Friday, October 2, 2009

Bicycles,women and liberation

Bicycles, introduced in Europe around 1863, were the first democratic means of transportation. In practical terms, bicycles eliminated the reliance on the horse and buggy.

The “Golden Age” of bicycles came in the 1890s and they were particularly fashionable in cosmopolitan cities such as New York, London, and Paris. Men smoked fewer cigars, wore cheaper suits, and forwent hats and shaves, while men and women read less and stopped regularly observing the Sabbath–all as a result of the bicycle craze.
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During this Golden Age campaigns were waged to encourage women to ride and, as a result, the bicycle became both a symbol and a means of women’s liberation.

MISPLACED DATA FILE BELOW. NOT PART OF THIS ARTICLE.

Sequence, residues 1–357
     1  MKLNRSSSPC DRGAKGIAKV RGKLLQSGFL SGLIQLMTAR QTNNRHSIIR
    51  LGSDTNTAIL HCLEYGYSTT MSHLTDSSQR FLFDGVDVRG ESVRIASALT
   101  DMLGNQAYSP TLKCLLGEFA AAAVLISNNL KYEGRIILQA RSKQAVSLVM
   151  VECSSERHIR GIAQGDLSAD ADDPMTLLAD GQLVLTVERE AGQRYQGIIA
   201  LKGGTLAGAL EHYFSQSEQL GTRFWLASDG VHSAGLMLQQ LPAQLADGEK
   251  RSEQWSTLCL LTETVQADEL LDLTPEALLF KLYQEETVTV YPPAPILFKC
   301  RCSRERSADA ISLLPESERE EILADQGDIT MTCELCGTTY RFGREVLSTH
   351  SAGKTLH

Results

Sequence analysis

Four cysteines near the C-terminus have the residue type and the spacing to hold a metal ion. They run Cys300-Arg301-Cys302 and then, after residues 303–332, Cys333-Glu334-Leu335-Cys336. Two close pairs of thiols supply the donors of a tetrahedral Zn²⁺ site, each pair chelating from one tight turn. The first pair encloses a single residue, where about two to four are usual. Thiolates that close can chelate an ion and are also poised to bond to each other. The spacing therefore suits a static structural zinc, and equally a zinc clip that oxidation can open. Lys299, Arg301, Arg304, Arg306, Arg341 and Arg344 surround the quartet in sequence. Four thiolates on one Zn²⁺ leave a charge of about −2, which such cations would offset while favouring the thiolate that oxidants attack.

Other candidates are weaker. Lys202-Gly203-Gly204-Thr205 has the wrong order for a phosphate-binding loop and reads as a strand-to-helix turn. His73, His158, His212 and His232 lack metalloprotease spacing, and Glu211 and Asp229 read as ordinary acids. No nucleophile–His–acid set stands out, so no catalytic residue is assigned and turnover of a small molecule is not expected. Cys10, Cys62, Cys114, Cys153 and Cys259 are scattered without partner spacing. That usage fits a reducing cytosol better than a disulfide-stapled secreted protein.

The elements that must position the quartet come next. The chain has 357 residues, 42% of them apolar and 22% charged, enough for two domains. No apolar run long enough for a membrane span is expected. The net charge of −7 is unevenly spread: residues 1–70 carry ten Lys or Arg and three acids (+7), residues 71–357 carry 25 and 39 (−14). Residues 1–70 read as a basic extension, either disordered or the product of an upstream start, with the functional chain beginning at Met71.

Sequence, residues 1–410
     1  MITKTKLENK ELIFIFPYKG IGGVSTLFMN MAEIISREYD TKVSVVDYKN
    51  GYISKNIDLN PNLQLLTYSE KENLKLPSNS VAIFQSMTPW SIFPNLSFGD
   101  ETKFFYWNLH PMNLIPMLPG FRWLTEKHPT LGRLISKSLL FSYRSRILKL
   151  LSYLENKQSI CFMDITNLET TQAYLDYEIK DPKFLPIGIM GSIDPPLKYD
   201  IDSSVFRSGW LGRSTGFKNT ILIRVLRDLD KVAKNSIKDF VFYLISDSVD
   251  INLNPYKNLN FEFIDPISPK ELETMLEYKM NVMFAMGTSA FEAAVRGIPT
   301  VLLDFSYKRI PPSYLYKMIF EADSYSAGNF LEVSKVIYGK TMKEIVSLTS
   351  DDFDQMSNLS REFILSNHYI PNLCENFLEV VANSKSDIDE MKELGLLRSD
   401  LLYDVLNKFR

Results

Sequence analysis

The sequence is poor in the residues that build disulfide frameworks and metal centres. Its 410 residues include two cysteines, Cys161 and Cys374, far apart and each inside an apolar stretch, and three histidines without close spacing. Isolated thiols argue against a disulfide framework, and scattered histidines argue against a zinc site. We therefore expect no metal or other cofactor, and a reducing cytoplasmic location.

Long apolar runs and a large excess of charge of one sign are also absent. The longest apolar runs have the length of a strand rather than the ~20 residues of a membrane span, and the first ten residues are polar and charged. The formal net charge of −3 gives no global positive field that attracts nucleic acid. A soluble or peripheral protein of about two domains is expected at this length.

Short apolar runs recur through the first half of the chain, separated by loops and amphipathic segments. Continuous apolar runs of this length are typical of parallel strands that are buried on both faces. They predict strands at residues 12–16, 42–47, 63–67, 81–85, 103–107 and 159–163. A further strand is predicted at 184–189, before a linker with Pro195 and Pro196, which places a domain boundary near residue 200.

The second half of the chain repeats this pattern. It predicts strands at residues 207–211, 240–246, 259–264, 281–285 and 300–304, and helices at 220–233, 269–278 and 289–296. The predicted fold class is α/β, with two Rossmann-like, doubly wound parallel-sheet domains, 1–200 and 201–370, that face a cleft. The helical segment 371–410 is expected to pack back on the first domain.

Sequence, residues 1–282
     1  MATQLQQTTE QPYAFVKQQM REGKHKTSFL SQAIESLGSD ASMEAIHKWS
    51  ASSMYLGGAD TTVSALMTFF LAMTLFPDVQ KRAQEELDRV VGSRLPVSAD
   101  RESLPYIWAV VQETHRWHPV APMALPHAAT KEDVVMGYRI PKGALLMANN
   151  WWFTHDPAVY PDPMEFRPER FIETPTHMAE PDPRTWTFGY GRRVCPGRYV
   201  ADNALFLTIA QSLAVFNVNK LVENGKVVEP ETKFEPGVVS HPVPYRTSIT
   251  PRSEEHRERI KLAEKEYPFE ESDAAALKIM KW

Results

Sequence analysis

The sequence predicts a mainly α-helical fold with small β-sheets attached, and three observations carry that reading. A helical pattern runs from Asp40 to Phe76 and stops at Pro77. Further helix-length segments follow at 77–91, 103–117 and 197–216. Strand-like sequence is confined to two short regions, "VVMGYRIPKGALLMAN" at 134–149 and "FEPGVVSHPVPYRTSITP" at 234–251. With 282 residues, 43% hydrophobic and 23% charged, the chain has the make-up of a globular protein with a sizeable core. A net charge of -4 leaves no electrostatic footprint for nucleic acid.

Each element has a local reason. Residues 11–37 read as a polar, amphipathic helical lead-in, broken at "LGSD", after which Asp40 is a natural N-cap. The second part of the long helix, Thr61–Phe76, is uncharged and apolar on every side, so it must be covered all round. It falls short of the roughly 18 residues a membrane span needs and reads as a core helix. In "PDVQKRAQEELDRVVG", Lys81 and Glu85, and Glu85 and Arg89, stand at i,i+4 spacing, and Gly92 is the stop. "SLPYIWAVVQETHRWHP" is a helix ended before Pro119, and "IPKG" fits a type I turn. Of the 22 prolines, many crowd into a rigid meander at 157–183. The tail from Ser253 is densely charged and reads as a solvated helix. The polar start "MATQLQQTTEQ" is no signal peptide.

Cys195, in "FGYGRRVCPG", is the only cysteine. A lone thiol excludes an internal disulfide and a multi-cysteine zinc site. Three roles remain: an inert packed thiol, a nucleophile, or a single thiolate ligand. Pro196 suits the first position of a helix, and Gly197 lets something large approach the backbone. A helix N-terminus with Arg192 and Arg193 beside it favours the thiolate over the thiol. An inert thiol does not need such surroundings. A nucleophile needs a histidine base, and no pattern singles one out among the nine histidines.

With the new transportation came a “rational dress” movement for women, who could not reasonably be expected to ride in full skirts, wearing the average of thirty-seven pounds of clothing that was common before the advent of the cycle. As a result of the cycling craze bloomers in the 1880s at last became a viable fashion option for women, although feminists had pushed for years for their acceptance.

Another direct result of cycling’s popularity was a rise in female athletes–cycle riding had proved that exercise was not detrimental to women as was commonly believed. However, women cyclists were criticized for abandoning their femininity and becoming “mannish” or “manly women.”